Thursday, July 31, 2008

Bishops, Urban Poor Groups To Discuss Housing Rescue Plan with PGMA

** NEWS RELEASE *** NEWS RELEASE *** NEWS RELEASE **

Bishops, Urban Poor Groups To Discuss Housing Rescue Plan with PGMA

31 July 2008. With the help of the Catholic Bishops’ Conference of the Philippines, urban poor groups will meet President Gloria Macapagal Arroyo tomorrow (August 1) in Malacañang to discuss the looming housing problems in Metro Manila.

Archbishop Diosdado Talamayan of Tuguegarao, Bishop Ramon Villena of Bayombong and some leaders belonging to the Task Force Anti-Eviction will meet President Arroyo for the second time this year to tackle a housing rescue plan that will help thousands of urban poor families.

Task Force Anti-Eviction is composed of people’s organizations such as Market 3 Fishport of Navotas Neighborhood Association, Samahang Pinagbuklod ng Pagkakaisa, Samahang taga-Estero sa Pasay, Bacood Ilaya Looban Homeowners Association, Pinagbuklod – Ugnayang Lakas ng mga Apektadong Pamilya sa Baybaying Ilog Pasig, Samahang Magkakapitbahay ng Valderrama, Samahan ng mga Pamilyang Apektado sa Riles, Kabalikat sa Pagpapaunlad ng Baseco, and non-government organizations namely Community Organization of the Philippine Enterprise, Community Organizers Multiversity and Urban Poor Associates (UPA).

The group wants a halt to forced evictions without relocation and the preparation of adequate relocation sites for those who are evicted.

In a meeting hosted by the President January 31, the government assured urban poor communities that demolitions would no longer be allowed unless there is a relocation site ready for affected families. President Arroyo instructed government agencies that there should be a social preparation period of 45 days for those who will be relocated. She agreed that in-city or near-city relocation sites should be considered a better option than distant relocation. Montalban, for example, which has been suggested by the poor as a relocation site, is willing to accept up to 100,000 urban poor families. An additional P4 billion pesos for socialized housing was also announced.

However, most of what have been promised never materialize, the group said in a letter to the President. “Pagkatapos ng pulong noong ika 31 ng Enero 2008, kami’y nakipag-ugnayan sa mga ahensya ng pamahalaan tulad ng NHA, MMDA, HUDCC, PCUP, DA/PFDA upang maipatupad ang mga napagkasunduan. Masakit pong sabihin, sa aming pagtatasa halos lahat ng mga nabanggit sa itaas ay hindi po naganap.”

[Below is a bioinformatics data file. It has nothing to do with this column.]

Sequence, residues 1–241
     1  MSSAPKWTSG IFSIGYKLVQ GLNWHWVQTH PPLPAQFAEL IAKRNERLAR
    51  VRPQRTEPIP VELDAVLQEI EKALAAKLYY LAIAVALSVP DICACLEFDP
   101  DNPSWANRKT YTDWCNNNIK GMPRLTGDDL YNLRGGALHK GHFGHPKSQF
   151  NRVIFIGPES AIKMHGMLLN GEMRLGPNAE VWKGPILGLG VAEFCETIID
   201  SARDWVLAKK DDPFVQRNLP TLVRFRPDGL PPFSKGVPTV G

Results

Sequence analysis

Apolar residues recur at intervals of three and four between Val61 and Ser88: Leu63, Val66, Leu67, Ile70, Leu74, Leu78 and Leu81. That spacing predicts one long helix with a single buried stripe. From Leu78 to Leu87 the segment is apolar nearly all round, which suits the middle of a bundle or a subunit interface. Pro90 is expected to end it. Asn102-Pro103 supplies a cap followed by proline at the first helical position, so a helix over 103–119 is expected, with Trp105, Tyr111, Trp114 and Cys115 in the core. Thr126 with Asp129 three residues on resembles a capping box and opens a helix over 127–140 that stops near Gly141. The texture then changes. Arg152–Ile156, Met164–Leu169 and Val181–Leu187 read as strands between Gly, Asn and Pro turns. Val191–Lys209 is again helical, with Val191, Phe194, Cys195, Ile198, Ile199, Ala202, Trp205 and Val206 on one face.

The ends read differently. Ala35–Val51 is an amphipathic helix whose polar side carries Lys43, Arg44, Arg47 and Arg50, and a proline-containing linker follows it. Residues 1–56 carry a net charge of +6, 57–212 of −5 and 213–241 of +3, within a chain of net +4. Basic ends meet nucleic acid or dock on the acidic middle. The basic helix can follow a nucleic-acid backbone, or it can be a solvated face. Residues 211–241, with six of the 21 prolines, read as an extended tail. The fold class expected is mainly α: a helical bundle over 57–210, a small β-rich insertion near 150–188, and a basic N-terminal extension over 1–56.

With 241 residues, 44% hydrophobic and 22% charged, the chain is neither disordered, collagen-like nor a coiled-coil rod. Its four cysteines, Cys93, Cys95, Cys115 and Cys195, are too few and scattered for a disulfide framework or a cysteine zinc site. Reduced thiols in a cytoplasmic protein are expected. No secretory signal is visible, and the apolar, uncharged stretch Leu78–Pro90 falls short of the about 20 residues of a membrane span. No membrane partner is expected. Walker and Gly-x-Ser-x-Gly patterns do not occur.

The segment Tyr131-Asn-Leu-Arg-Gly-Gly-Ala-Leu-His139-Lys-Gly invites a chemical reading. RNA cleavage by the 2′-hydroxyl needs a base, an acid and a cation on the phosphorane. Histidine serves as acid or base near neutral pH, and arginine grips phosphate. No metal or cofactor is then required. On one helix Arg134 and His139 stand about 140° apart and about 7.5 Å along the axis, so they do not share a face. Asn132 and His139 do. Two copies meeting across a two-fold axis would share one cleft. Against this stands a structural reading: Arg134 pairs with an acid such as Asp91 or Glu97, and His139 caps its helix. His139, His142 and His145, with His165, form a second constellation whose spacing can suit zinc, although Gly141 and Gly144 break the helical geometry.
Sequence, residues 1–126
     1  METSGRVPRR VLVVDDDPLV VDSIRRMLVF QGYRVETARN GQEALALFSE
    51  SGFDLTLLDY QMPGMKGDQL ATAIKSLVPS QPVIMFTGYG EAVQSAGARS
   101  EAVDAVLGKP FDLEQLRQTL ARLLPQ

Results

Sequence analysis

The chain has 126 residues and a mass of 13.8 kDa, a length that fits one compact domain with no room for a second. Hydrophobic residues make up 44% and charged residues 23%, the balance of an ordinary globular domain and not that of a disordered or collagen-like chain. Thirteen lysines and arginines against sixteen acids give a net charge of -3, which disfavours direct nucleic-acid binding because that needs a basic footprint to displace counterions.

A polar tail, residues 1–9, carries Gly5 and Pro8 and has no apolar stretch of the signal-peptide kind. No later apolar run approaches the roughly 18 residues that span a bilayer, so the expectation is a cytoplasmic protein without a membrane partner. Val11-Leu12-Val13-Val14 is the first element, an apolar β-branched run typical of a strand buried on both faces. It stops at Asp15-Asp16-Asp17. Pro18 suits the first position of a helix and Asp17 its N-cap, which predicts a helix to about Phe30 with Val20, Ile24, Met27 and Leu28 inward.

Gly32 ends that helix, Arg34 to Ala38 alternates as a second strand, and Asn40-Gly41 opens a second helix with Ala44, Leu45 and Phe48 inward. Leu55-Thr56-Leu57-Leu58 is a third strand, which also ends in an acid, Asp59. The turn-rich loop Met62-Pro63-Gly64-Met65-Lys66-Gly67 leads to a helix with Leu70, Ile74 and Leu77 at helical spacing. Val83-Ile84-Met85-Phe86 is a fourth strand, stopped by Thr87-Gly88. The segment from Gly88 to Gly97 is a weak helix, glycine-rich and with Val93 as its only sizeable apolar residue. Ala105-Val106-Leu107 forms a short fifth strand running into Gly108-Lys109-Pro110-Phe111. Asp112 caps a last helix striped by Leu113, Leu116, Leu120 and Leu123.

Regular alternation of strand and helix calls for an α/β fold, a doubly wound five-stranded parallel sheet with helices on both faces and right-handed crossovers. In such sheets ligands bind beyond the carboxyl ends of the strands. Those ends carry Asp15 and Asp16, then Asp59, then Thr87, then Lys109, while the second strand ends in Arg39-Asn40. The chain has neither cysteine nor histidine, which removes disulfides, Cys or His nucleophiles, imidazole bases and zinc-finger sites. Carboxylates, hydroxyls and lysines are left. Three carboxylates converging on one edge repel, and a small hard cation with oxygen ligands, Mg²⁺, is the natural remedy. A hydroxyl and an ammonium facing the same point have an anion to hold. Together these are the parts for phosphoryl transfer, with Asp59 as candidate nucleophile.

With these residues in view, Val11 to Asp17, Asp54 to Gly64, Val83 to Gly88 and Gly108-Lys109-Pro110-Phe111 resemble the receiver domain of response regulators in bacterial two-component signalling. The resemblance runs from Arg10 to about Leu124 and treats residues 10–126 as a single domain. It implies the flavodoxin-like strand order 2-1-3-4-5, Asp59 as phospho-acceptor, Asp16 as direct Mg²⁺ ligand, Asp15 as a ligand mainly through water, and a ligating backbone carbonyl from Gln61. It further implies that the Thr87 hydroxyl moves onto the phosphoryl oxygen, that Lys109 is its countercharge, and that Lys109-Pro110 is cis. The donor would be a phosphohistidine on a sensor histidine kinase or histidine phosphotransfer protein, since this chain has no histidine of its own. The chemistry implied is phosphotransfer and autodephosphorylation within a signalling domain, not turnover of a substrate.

According to the eviction monitor done by UPA, for the past 6 months some 2,097 families have lost their homes due to demolitions. Out of the 2,097 families, only 741 families were relocated.

For the security of tenure of some 200,000 families in proclaimed areas, the president must also order for the Post-Proclamation Implementing Rules and Regulations (IRR), the group said.

To ensure a low-cost housing, the group suggested that the government must adopt a method introduced by Gawad Kalinga and Habitat for Humanity – sweat equity or bayanihan. A tripartite body composed of government agencies, people’s organizations and parish-based groups will help implement the project. -30-

Wednesday, July 30, 2008

MMDA goes after illegal vendors in Taguig




Karamihan ng vendors, nakipag-agawan ng paninda sa clearing ops ng MMDA
07/30/2008 | 02:45 PM


Tuesday, July 29, 2008

Baseco worries

29 July 2008. Some 6,000-10,000 poor families have been living in Baseco since 2001. Baseco is 56 hectares in extent. As late as 2001 most of the 56 hectares was underwater. Since 2002 the land has been gradually reclaimed.

In February 2002 President Gloria Macapagal-Arroyo proclaimed the area, all 56 hectares for the homes of the people. That same year the first of four major fires hit the area which initiated the reclamation of land. Some five hectares were reclaimed and divided into lots which were assigned to about 1,000 families.

In 2004, PGMA introduced Gawad Kalinga (GK) and Habitat for Humanity (HfH). They have built together nearly 2,000 row houses since then. The people like the housing. Most families wish for a similar type house. A soil test was made that found much of Baseco would be at risk if there were a very strong (8 on the Richter scale) earthquake. The soil might turn to mud, it is said.

In 2007, the 2004 soil test was resurrected to show that building even one storey houses in Baseco because of the poor soil was not a good idea. Mayor Alfredo Lim asked Gawad Kalinga (GK) and Habitat for Humanity (HfH) to stop building.

The Philippine Reclamation Authority announced it would reclaim another 10 hectares of land just west of Baseco. At first PRA said it knew nothing about the future of the 56 hectares.

After the people had more meetings with PRA, a visit (May 14) from PGMA and a meeting with the National Housing Authority, the following seems to be the government’s plan:

· Government will reclaim the 10 hectares as proposed, an island just off the 56 hectares.
· It will move families there from the 56 hectares. It plans on housing 3,000 families on the 10 hectares. There will also be a mini-fish port there, PGMA said on her visit.